We’re not just looking for that special someone. We’re looking for that connection that will last a lifetime.

 
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Posted by on 25 May 2011 in Uncategorized

 

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Paris Je T’aime (071289)

Paris Je t’aime is composed of 18 unrelated short clips by about love in Paris. A different director directs each clip. The variety in the 18 clips makes this an interesting film. Some are dramatic and some go for comedy. I don’t remember all of them but there are a couple of unforgettable ones. One is is called “Quartier de la Madeleine” and it is about a tourist backpacker (played by Elijah Wood) who meets a vampire in a bridge. The clip was interesting and different but I didn’t like it because it was too weird.  Clips with familiar faces were memorable too like the ones with Maggie Gyllenhaal and Natalie Portman. Another was is the film with Catalina Sandino Moreno as an immigrant mother in Paris. Her character would leave her child in a daycare whilst she served as a nanny to a Paris couple. The irony was really striking and it really hit home. How sad was it to be able to take care of someone elses child but not your own, to hold an infant but be so far from yours? This would be torture, thinking of all the things you could not do for your child because you had to be able to supply for him or her. This movie showed both sacrifice and hope, which is why I think among all the films in Paris J’taime, this was the one I really remembered. The other striking film which seemed campy but stayed true to the theme of love was the film by Gus Van Sant. He showed two boys who did not understand each other, working together. One was French, the other American. There were looks and nothing more, until finally the call of curiosity made them talk to each other. It was touching to see two young men be able to communicate and relate, love-wise in such a non-conventional way.

What I liked about this movie is that, even though there is a time restriction, you could still understand and grasp each story. They don’t show the complete story but somehow you put the missing pieces in your head. The same thing goes for character development. Obviously you cant mold a complex character in 8 minutes. The characters in the 18 clips were stereotypes and didn’t need background cause you already have it in your head.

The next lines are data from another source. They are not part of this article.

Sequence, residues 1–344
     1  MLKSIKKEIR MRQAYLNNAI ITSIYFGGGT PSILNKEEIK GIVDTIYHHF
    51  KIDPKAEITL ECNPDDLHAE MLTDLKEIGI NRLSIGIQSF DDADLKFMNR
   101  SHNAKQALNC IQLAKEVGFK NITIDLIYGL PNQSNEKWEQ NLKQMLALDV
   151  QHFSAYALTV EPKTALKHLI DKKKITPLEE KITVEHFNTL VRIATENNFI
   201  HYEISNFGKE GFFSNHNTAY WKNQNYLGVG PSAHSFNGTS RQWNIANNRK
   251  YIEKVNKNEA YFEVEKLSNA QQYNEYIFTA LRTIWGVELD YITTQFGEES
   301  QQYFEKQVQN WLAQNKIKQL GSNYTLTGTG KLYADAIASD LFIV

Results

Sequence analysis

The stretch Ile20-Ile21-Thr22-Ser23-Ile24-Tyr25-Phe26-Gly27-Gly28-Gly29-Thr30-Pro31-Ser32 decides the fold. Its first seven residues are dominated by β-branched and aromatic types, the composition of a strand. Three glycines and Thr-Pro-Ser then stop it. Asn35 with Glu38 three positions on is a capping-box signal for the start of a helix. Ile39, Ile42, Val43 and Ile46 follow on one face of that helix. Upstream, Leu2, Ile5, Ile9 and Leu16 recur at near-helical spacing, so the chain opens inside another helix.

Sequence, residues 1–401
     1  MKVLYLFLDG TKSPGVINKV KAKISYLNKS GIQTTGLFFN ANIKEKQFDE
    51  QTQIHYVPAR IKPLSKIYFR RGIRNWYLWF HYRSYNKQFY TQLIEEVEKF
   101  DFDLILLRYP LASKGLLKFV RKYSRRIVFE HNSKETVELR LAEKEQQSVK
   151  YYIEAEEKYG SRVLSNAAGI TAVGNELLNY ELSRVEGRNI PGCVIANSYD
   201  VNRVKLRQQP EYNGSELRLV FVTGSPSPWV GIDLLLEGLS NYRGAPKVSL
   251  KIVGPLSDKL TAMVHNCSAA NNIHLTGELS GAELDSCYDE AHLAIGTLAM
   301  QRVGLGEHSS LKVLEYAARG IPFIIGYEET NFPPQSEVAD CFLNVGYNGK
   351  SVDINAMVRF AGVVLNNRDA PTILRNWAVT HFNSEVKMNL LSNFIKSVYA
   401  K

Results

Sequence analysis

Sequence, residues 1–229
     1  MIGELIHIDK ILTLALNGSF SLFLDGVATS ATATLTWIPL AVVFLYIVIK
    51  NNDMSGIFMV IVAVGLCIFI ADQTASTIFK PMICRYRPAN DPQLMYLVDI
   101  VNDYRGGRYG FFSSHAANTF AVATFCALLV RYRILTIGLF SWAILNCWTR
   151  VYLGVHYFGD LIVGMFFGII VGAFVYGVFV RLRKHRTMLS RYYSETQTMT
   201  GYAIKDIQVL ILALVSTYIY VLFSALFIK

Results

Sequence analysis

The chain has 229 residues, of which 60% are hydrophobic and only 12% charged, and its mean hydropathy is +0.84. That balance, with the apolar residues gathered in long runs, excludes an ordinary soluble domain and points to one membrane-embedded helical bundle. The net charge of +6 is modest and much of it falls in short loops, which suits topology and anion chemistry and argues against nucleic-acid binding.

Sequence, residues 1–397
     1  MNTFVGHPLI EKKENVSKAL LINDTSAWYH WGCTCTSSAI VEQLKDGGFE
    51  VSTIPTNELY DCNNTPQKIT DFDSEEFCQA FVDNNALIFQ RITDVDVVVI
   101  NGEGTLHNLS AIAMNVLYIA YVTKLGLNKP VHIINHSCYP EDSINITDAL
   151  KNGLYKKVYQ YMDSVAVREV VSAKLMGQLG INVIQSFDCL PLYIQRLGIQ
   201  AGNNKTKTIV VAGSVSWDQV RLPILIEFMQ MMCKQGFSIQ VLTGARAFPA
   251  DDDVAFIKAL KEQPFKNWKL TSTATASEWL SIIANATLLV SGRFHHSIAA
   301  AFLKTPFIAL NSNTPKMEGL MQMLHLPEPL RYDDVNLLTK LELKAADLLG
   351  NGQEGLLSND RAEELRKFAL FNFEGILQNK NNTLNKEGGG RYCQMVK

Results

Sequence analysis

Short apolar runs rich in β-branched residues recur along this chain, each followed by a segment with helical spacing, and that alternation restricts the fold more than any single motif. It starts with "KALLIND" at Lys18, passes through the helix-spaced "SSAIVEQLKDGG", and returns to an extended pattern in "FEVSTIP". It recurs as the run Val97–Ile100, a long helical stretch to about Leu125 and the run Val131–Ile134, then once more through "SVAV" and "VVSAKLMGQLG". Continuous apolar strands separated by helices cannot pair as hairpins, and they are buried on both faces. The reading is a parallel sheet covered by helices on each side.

I like its American counterpart New York, I Love You better than this. I felt more love from that movie. This is ironic because Paris is the city of love so it should have love oozing from the cracks of its sidewalks. I think the love shown in New York, I Love You is more modern so I identify with it more. But I still like Paris Je T’aime because of its simplicity and variety in depicting love between different kinds of people living in our city.

 
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Posted by on 25 May 2011 in Uncategorized

 

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Paris, I love you: how to fall in love with a movie

The winding streets of Paris are the perfect setting for this arrangement of several stories woven together by shared places. Places are arbitrary unless you create a memory and make it your own. On the surface, this film talks about love and the inevitability of it. An unfortunate latent effect of having the stories unfold in Paris is that it fools people into believing that love chooses a place and that it is bred in places like this. It only enforces the idea that love is psychological and there are times that it seems that we force it out because we are in a place like Paris or that we are lonely.